It looks like tech stocks could be cruising for a bruising. The weekly chart profile of the tech-heavy
Nasdaq 100 Unit Trust
is deteriorating, sending a strong warning. It will stay negative on a weekly close below the five-week modified moving average, $41.36. The daily chart of the Qs is below its 50-day SMA at $41.59, which indicates risk to the 200-day SMA of $39.52, which was last tested in October.
On Jan. 10, I said that many of the go-go Internet names were
overvalued, overbought and vulnerable. This proved to be true for
had a mixed profile, but I favored the undervalued infrastructure names
. VeriSign rose, but Symantec and Yahoo! have slipped since then.
The fair values of some of these names have changed significantly since Jan. 9. Amazon's fair value fell to $38.28 from $41.69 on the company's disappointing quarterly earnings, and its shares are down 18.7% since Jan. 9 to its fair value. It's below my quarterly pivot of $39.40. The weekly chart profile shows declining momentum. The five-week MMA is $42.45 and the 200-week SMA of $36.33 should provide support. Consider adding to holdings on weakness to $36.33 and $34.00.
Despite a rough few weeks for its share price, Google's fair value has risen to $412.85 from $401.23 as Wall Street has continued to raise 12-month forward EPS estimates. Its share price is down 21.5% since Jan. 9, trading as low as $337.83 on Feb. 15, just above its 200-day SMA at $337.14.
Its weekly chart profile will remain negative on a weekly close below its five-week MMA of $397.50. If you like Google, its shares are undervalued -- a test of the 200-day SMA would be the first in this company's short history and an opportune price at which to add to positions on weakness.
VeriSign's fair value declined to $24.72 from $28.90 on weaker-than-expected earnings guidance, but the stock's addition to the
on Jan. 31 caused it to rise. It's up 11.9% since I suggested buying it on Jan. 10. Last week, the stock reached its fair value of $24.99 and its 200-day SMA of $24.73, which merits profit-taking. The weekly chart profile is positive with the five-week MMA at $23.02.
Websense's fair value rose to $58.97 from $56.58 on Wall Street's raised guidance, but ValuEngine doesn't like the trend of the 20 data points it reviews and downgraded Websense to sell. It's down 7.3% since Jan. 10. It traded as low as $58.68 on Feb. 17, just below my monthly pivot at $59.91 and its fair value.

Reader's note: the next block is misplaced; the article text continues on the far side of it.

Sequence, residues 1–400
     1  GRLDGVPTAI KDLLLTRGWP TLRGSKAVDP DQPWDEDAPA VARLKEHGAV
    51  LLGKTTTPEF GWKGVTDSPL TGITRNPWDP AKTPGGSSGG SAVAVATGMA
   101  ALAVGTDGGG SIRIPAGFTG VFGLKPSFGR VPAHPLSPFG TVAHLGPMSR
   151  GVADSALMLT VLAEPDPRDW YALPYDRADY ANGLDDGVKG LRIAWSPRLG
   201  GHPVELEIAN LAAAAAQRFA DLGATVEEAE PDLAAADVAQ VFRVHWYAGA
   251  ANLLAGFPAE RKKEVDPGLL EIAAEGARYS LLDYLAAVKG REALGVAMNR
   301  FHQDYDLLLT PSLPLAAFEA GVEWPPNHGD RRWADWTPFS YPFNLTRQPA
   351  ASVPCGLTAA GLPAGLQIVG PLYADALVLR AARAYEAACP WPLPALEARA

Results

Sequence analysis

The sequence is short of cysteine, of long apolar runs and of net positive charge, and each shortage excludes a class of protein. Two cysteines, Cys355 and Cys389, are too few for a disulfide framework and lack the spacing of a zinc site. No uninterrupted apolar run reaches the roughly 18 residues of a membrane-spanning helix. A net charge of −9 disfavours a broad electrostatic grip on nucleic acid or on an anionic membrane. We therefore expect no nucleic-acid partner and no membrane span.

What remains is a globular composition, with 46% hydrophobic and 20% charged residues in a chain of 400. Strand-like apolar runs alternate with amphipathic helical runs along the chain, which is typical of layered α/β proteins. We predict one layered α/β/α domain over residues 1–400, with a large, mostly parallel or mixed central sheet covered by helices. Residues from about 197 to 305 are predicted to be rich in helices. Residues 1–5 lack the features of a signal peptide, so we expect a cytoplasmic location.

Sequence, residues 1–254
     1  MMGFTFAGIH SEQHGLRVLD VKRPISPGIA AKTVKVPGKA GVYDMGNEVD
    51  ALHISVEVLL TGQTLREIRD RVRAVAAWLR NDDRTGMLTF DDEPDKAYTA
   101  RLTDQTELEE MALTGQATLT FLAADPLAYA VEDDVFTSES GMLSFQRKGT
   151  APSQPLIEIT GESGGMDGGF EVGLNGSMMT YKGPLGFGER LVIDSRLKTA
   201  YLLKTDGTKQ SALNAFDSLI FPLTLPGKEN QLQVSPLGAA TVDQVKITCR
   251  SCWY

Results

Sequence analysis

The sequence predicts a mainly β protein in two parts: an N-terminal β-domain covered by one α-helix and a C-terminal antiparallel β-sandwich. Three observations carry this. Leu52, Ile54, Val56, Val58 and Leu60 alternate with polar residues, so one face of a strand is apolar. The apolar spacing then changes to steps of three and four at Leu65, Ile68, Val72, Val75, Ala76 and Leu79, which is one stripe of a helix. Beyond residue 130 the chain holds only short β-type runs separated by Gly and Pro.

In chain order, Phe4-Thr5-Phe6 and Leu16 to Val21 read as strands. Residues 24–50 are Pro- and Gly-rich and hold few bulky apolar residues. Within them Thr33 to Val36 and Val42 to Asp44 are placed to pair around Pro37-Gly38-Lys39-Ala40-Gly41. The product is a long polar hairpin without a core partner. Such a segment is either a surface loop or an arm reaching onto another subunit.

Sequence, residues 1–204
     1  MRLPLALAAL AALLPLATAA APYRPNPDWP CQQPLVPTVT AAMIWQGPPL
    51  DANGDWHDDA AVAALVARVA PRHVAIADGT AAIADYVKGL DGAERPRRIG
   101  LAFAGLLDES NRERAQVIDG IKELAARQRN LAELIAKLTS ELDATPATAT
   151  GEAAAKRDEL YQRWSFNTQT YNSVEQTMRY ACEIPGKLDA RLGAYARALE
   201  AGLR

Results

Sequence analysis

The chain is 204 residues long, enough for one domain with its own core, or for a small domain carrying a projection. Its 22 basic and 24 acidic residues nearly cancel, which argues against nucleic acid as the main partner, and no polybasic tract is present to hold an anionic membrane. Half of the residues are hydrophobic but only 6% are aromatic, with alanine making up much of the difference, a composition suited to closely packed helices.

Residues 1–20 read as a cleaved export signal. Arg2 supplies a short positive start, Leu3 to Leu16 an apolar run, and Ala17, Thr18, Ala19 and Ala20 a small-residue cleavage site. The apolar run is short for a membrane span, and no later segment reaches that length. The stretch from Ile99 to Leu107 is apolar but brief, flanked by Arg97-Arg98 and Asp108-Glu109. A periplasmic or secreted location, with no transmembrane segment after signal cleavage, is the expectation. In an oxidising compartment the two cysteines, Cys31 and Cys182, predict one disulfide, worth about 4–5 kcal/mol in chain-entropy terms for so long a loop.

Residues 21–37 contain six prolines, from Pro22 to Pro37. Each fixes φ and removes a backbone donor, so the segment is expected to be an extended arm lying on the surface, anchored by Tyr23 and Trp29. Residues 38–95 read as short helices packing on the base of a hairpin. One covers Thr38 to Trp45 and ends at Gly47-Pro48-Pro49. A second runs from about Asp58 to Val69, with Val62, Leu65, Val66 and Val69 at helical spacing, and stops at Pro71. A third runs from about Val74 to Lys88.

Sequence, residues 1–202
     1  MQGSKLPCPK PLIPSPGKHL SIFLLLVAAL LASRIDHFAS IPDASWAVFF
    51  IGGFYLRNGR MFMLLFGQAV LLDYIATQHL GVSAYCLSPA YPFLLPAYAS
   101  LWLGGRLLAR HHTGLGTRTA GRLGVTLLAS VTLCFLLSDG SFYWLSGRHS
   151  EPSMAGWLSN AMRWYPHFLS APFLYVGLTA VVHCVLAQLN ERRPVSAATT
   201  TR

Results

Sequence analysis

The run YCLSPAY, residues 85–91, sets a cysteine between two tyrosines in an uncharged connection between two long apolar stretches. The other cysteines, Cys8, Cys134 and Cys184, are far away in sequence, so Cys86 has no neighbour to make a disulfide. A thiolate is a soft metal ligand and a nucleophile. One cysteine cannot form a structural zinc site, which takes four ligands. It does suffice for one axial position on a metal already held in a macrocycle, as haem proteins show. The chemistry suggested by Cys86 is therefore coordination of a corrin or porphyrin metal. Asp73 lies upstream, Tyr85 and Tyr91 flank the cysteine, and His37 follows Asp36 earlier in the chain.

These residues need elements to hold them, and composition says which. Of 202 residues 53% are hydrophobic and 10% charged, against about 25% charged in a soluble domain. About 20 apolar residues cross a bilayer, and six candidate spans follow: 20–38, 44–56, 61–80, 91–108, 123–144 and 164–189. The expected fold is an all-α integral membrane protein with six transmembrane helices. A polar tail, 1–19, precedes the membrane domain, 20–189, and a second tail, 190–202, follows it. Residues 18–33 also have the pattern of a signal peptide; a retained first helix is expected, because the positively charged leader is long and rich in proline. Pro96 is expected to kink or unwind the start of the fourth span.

I'd wait for a test of its 200-day simple moving average at $56.28 before considering adding to this position. The weekly chart profile is negative, with the five-week MMA at $63.46. If it breaks below its 200-day SMA, the risk is to my semiannual value level of $52.35.
Yahoo!'s fair value fell to $36.71 from $46.08 on its earnings disappointment. Its shares are down 25.4% since Jan. 9, trading as low as $31.70 on Feb. 13. Failure to hold my monthly value levels at $38.37 and $37.93 on Jan. 18 was a warning. The weekly chart profile is negative, with the five-week MMA at $35.60. My advice on Yahoo! is to wait until my next update in March to see if a new monthly value level has formed.
Symantec is down 11% since I suggested buying the stock. It traded as low as $16.74 on Feb. 6 after failing to hold its annual pivot at $19.50. Right now, I don't have a value level at which to add to this holding. The weekly chart profile is neutral, with the five-week MMA and 200-week SMA converging at $17.86 and $17.39. The company is still more than 20% undervalued, so I would stick with this position.
I've left some of the levels in the table below blank. In the case of Google, the company hasn't been public long enough to have long-term calculations. The lack of value levels elsewhere indicates that I don't know how low these companies can trade on their current weakness. As you know, in recent years, Internet stocks have quickly gone from parabolic patterns to falling knives.
Richard Suttmeier is president of Global Market Consultants, Ltd., chief market strategist for Joseph Stevens & Co., a full service brokerage firm located in Lower Manhattan, and the author of
newsletter. At the time of publication, he had no positions in any of the securities mentioned in this column, but holdings can change at any time. Early in his career, Suttmeier became the first U.S. Treasury bond trader at Bache. He later began the government bond division at L. F. Rothschild. Suttmeier went on to form Global Market Consultants as an independent third-party research provider, producing reports covering the technicals of the U.S. capital markets. He also has been U.S. Treasury strategist for Smith Barney and chief financial strategist for William R. Hough. Suttmeier holds a bachelor's degree from the Georgia Institute of Technology and a master's degree from Polytechnic University. Under no circumstances does the information in this commentary represent a recommendation to buy or sell stocks. While he cannot provide investment advice or recommendations, he invites you to send your feedback --
to send him an email.